|Worth seeing:||as a bold and fresh take on the animated feature that will appeal to fans of Wes Anderson's quasi-surrealist vision|
|Featuring:||Bill Murray, Bob Balaban, Bryan Cranston, Ed Norton, Jeff Goldblum, Koyu Rankin, Akira Ito, Akira Takayama, Anjelica Huston, Courtney B Vance, F Murray Abraham, Fisher Stevens, Frances McDormand, Frank Wood, Greta Gerwig, Harvey Keitel, Jake Ryan, Ken Watanabe, Kunichi Nomura, Liev Schreiber, Mari Natsuki, Nijirô Murakami, Roman Coppola, Scarlett Johansson, Tilda Swinton, Yoko Ono|
|Released:||30th March 2018|
WHAT’S IT ABOUT?
In a near future Japan, cat-loving Mayor Kobayashi (Kunichi Nomura) banishes all dogs from Megasaki City to an offshore landfill site known as Trash Island, when two canine diseases start to spread.
When his adopted son Atari (Koyu Rankin) steals a plane and flies off to the Isle of Dogs to search for his own pet Spots (Liev Schreiber), he crash lands and is rescued by a group of five dogs ; Rex (Edward Norton), Duke (Jeff Goldblum), Boss (Bill Murray), King (Bob Balaban) and longtime stray Chief (Bryan Cranston).
They don’t know Spots but they agree to help Atari find him.
Back in Megasaki City, an American exchange student, Tracy (Greta Gerwig), believes that there’s a government conspiracy to keep the dogs on Trash Island and sets out to expose Kobayashi’s crimes.
Can Atari and the dogs on Trash Island and Tracy back on the mainland cut the Mayor down to size, secure justice for the canines and restore normality to Megasaki City?
WHAT’S IT LIKE?
Time after time, Wes Anderson has shown himself to be a director who doesn’t really care what anyone else is doing; one of the most idiosyncratic film-makers working in the industry, his productions are generally offbeat comedies that settle just on the right side of surreal.
From his earlier work, Rushmore and The Royal Tenenbaums, to his more recent Moonrise Kingdom and The Grand Budapest Hotel, his films have garnered critical praise, often converting into awards recognition.
His latest film – his first return to the world of animation since 2009’s Oscar-nominated Fantastic Mr Fox, has already earned Anderson the Best Director prize at the Berlin Film Festival – a sign of his status within the industry.
But while critics and his peers admire his sharp wit, eye for detail, brisk and crisp direction, many audiences find themselves a little left out in the cold by his arch, often aloof approach to story-telling, and it’s unlikely that Isle of Dogs will bridge that gap.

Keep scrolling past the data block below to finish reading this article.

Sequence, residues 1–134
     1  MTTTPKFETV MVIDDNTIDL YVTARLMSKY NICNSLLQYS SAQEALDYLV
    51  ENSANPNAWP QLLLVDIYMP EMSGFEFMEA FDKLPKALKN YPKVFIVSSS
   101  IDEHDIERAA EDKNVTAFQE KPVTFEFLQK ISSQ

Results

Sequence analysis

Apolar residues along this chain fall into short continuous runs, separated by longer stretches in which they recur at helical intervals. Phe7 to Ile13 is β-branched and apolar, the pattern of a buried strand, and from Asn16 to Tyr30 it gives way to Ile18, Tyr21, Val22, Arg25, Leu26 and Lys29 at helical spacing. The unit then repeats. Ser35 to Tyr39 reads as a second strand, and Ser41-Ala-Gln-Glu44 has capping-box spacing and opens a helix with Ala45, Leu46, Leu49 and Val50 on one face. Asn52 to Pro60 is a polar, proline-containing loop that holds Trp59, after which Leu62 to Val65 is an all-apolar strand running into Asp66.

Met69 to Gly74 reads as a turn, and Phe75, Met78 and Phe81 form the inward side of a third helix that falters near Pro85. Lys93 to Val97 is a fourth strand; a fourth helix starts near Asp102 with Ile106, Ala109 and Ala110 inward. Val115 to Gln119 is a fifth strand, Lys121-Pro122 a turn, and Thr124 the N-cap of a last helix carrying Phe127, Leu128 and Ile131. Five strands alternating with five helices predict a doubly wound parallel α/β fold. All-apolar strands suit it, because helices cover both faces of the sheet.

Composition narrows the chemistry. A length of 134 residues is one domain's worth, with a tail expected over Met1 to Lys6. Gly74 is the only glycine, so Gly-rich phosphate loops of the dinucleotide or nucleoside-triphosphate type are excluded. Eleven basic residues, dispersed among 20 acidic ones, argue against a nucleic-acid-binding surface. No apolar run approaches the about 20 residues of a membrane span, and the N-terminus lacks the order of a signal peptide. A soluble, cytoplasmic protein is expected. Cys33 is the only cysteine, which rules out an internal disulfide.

Setting Isle of Dogs in Japan has prompted his detractors to accuse him of cultural appropriation – particularly since it’s an American exchange student who saves the dogs from the canine-phobic locals. But his supporters have noted that setting a film in another culture can give a director a little more creative freedom, particularly with any satire feeling less on-the-nose, and here, it allows him to nod towards issues such as racism, immigration and civil rights – through the metaphor of pets in a foreign land.
With only a handful of notable additions to – and omissions from – the Fantastic Mr Fox voice cast, Anderson manages to conjure up the intimacy of a repertory theatre company, with the actors – or at least their voices – bouncing off each other with the familiarity and comfort of members of a family.
The often staccato and always brisk line delivery neatly compliments the stop-motion animation, which allows Anderson to delight in some of the most unnecessary but always welcome detail. He adopts a variety of tactics that allow him to preserve the integrity of its setting, by having all of the Japanese humans speaking in their native tongue, translated for the audience often through an interpreter (with much of the plot unfolding through news conferences) and sometimes just through context but never through subtitles. The dogs’ barks are “rendered” as English, a caption explains at the start, which conveniently helps the audience to follow the narrative from the point of the dogs – who in reality wouldn’t always understand every detail of their masters’ instructions anyway. It does make you wonder how the film will go down in Japan, though.
The plot – while it has some potentially fascinating undertones – is, in truth, rather pedestrian, simplistic and not altogether convincing, although framing it as an animation makes this far more forgiving. And the sheer artistry of everything from the model-making and stop-frame motion to the delightful voice-work and such directorial flourishes as characters generally looking directly into the camera, make Isle of Dogs a refreshing, bold and highly entertaining family comedy, that might or might not have something to say and that certainly does offer something different to each generation.
It’s unmistakably the work of Wes Anderson, so his fans will be delighted by another visit to his wildly imaginative and sharply funny mind but those who don’t get him – or, more precisely, just don’t like him – won’t find anything here to persuade them that their previous prejudice is misguided.